Posts filed under “Technical Analysis”
This weekend, we are in Chicago for a family event. After dinner (over Kir Royals), we discuss the economy, tax cuts and Oil. The subject of whether Oil is a bubble comes up. What’s become a now standard argument — that Oil, inflation adjusted, is relatively cheap (see chart at left) — gets made.
My B-in-L Bob, a very senior BP exec (now retired), is the one who initiates the "Oil is a bubble" discussion. All the inflation adjusted charts seem to only go back to include the 1970s — and that’s not far enough to show the true price trend of oil. Bob argues that Oil has been in a very long downtrend, and the 1970s price spike was an aberration. So too, the 2003-05 run up. A longer, inflation adjusted chart would reveal that the present spike is aberrational, and unlikely to be sustainable. I am somewhat incredulous of this claim.
His point however, is well taken. While he is expecting an eventual mean reversion, simply base dupon price, I have a similar expectation based upon market cycles. The next recession (there’s always a next recession, just as there’s always a next recovery) will see reduced demand for Oil, and that will allow prices to fall.
By coincidence, an article in the NYTimes the next day has this chart in it of the real price of Gasoline for the past century. Surprisingly, it supports Bob’s position pretty well:
Graphic courtesy of the NYT
Let’s look at this technically: This chart is of a very long downtrend. There was a minor spike in the 1930s, which eventually reverted back to trend. There was a major spike in the 1970′s; It subsequently collapsed in price some 50%, from $3 / gal to $1.50, over the 1980 to ’84 timeframe. It would not be outrageous to call that price action bubble-like.
This certainly supports the argument that Gasoline/Oil prices are unsustainably high at present, and will eventually revert back to trend. However, as the prior two spikes make clear, the key is the word eventually. It typically takes about a half of a decade or longer for this mean price reversion to occur. With Oil prices still in an unptrend at present (i.e., no reversals indicated yet), this implies that $30 a barrel (real) oil may be a phenomenon no sooner than 2010. Work that data into your econometric models — high oil persisting at least another few years — and the 2006-2008 period is an even more pronounced recession than I have previously suggested.
Incidentally, consistent with our views on multi variant analysis — a single factor should not get all the credit or blame for major economic or market events — the significant strength of the 1980′s can be as easily traced to the plummeting cost of real gasoline as it could to tax cuts, interest rates, or the stock market. Looking at this helps to explain to some small degree why the 1980s were such a powerful economic period.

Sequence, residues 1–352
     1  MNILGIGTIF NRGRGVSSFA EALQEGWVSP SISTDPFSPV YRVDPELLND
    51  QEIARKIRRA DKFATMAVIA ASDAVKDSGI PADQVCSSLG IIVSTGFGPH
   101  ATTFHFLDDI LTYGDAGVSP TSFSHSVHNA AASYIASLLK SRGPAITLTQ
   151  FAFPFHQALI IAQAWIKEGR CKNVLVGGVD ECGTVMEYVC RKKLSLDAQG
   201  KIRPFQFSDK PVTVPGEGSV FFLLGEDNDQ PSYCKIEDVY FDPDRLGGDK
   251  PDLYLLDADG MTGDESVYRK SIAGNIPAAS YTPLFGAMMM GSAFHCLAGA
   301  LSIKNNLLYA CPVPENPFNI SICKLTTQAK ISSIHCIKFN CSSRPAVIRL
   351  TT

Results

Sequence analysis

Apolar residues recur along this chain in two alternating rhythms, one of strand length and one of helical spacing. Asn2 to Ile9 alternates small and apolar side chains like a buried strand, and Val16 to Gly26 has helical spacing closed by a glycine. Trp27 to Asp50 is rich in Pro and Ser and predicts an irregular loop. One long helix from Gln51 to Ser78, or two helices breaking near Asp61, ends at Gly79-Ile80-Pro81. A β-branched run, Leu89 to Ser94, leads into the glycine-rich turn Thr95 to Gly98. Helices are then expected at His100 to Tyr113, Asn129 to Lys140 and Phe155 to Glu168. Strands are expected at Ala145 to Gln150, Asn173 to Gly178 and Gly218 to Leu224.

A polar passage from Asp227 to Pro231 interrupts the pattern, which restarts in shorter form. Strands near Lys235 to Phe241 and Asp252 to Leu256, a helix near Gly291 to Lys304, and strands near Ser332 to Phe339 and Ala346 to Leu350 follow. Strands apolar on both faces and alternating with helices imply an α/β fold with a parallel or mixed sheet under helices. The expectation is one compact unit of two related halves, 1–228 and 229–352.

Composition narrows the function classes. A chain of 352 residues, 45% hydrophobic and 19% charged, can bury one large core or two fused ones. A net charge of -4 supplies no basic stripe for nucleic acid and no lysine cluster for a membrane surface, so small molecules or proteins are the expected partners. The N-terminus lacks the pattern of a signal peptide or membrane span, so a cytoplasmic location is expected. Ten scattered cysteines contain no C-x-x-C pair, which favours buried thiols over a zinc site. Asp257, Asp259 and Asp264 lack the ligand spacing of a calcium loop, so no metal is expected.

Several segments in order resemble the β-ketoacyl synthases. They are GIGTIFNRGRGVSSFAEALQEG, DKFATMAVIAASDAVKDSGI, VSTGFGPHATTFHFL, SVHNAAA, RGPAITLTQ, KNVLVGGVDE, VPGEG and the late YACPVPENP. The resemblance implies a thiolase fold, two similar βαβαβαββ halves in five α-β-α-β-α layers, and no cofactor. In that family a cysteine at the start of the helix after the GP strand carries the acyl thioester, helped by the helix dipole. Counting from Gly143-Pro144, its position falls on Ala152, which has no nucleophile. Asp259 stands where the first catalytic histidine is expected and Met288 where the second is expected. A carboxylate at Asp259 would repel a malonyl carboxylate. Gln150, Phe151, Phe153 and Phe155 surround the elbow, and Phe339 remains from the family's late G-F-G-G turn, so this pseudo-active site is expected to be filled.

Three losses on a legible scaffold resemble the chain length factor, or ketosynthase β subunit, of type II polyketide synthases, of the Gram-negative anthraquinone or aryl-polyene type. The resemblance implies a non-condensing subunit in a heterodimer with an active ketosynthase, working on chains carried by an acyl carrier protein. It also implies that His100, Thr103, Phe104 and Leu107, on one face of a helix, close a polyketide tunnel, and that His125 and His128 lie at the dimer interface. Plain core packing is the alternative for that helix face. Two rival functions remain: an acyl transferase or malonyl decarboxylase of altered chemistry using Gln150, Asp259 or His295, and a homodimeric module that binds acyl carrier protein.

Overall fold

At the Pumps and on the Web, Drivers Check for Lowest Prices
NYTimes, August 13, 2005
The Plot Thickens
UP AND DOWN WALL STREET
Barron’s MONDAY, AUGUST 15, 2005
Don’t be fooled by the title to this piece: "Tracking the Elephants" could just have easily been named "The non Technicians Guide to Technical Analysis (in two parts)." The idea was to reveal to fundamentalists a few of the more significant ways they can use charts to improve their results.
Here’s the ubiquitous excerpt:
"Here’s an interesting question: If you could look at one and only one source before buying your next stock, which would you choose: a fundamental analyst’s report (with no charts in it), or the chart of your choosing? While I like having access to both, I cannot ever imagine buying something without first looking at the chart.
And so we wade into the ongoing battle between technical and fundamental analysts. Frankly, it’s one of the sillier debates in investing. But I’ve heard so many bad arguments and misleading theories about technical analysis that I decided to weigh in."
Before we wade too deeply into the controversy, ask yourself: "Why do I need to choose?" Why wouldn’t you use any tool that can be shown to have value? You wouldn’t build a house using only a hammer, but no drills or saws. Why limit yourself away from a tool that can assist you as an investor?
In the column, I used a chart of Ford — but it could have been just about any company , from JDSU to Lucent to World Con or Enron.
click for larger graph
Prior columns can be found here.
To keep the column a modest length, a discussion about Janus Funds
selling of AOL Time Warner was edited out. For your reading
pleasure, that section is here.
StockCharts.com’s Chief Technical Analyst, John Murphy, has created another set of trading rules: “Ten Laws of Technical Trading:” “Which way is the market moving? How far up or down will it go? And when will it go the other way? These are the basic concerns of the technical analyst. Behind the charts and graphs and…Read More